Edit: Just checked and indeed, an error: "None of the preferred challenges are supported by the selected plugin" That's just sad.. It seems they haven't even tried out their own example..?


Thanks @Osiris I don't care about the command being wrong, I care about openly mocking Ryan (who is/was an advisor to the Let's Encrypt board) in a public forum because of a bad copy/paste. I'll ping him and ask if he can get the command fixed.


after thinking some about it I'm not sure allow setting notbefore and notafter by user good idea:
can it be set to backdate/predate the certificate?
like set notbefore 2 months ago and set notafter next month
or a cert that valid from April 30th to July
@webprofusion if you still have access can you try backdating/predate the certificate? how far Google will allow?
I know GTS by default bactdates certificate by an hour (notbefore time vs timestamp on SCT)


I just tried it, they allow a notBefore of up to -2 hrs:
Requested NotBefore timestamp: 2022-03-25T09:29:34.5410277+00:00 must be within [2022-03-30T07:29:34.912389236+00:00, 2022-03-30T09:29:34.912389236+00:00].


I'm preeeeeeeetty sure Google doesn't incorporate those user requests without validating them :wink:


It looks like their pricing is no price at all (they let me enable the service on a project with no billing account linked)

(Oh, it's good. I just went from serving RSA+ECC with R3 and E1 to entirely replacing R3 with GTS certificates)


Hello, my name is Ryan Hurst, I am the Product Manager for Google Trust Services. I am also an advisor to ISRG and Let's Encrypt.

First I want to apologize for the incorrect command line in the post. That issue has now been resolved.

As for how it happened I relied on someone else to test the original command line in the post and at publication, time was asked to make a change to the command line and did so without re-testing. This mistake is on me.

It seems there are a few questions implied and explicit in this thread I should try to address.

What does Cloud Certificate Manager charge for?
Cloud Certificate Manager charges for managing certificates, not the certificates themselves.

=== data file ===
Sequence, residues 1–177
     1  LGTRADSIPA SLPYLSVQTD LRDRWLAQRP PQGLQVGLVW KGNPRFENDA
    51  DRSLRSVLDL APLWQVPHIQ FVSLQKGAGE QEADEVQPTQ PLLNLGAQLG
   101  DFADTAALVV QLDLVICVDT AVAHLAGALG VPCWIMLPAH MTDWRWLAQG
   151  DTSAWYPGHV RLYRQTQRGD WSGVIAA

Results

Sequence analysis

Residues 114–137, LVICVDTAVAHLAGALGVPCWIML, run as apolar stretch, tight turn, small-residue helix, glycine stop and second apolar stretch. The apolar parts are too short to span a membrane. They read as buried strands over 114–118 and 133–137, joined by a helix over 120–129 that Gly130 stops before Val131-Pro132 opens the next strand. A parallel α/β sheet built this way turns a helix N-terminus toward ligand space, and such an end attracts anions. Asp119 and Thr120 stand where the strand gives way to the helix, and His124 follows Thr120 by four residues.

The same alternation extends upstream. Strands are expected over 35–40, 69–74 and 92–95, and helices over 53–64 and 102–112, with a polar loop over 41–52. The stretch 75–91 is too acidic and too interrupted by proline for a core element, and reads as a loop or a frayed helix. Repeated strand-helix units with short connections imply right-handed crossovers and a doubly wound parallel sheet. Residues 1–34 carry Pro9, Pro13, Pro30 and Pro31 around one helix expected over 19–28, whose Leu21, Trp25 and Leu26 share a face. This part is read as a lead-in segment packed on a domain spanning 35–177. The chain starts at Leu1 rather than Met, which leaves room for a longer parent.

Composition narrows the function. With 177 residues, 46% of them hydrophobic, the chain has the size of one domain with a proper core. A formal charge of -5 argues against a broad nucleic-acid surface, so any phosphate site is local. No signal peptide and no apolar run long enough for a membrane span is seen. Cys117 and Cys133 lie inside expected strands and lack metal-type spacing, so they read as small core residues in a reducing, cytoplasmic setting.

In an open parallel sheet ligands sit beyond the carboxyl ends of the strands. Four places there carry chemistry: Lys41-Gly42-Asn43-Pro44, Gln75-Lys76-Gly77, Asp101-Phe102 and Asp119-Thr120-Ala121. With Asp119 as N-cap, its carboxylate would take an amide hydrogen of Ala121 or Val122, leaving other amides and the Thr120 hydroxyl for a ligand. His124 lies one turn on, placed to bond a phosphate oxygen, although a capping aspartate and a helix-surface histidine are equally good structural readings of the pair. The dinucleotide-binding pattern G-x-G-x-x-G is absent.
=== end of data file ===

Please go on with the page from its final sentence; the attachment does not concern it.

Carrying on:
In fact, it sources certificates in some cases from Let’s Encrypt. Since this is the client dev forum it might be interesting to know that it makes the decision on which CAs it can use based on the CAA record for a given domain,

What does this ACME capability cost?
There is no charge for using the Cloud Certificate Manager ACME service.

What was the goal of release?
It is intended to augment the managed offering and enable Google Cloud customers to get CA redundancy when using ACME, as well as enable them to use Google Trust Services issued certificates in their larger deployments so they can have uniform device ubiquity across deployments.

I am happy to answer any questions folks may have.

Ryan Hurst


Also since there was a question about notBefore and notAfter support Amir, one of the engineers on the GTS team did a PR for certbot that should enable this scenario there. You can find it here: Support certificate-expiration that populates the notAfter field in NewOrder by aaomidi · Pull Request #9253 · certbot/certbot · GitHub


Yep, there is a bit of confusion in the documentation: while this is the page I need, the link in this section points to another product.


while it's not directly related with this if may better to publish CAA record for GTS somewhere more visible then deep corner of CPS pdf file (section 4.2.4), like in FAQ.
P.S: it's


IMHO, it's best to keep as much of one's technology stack away from Google as possible.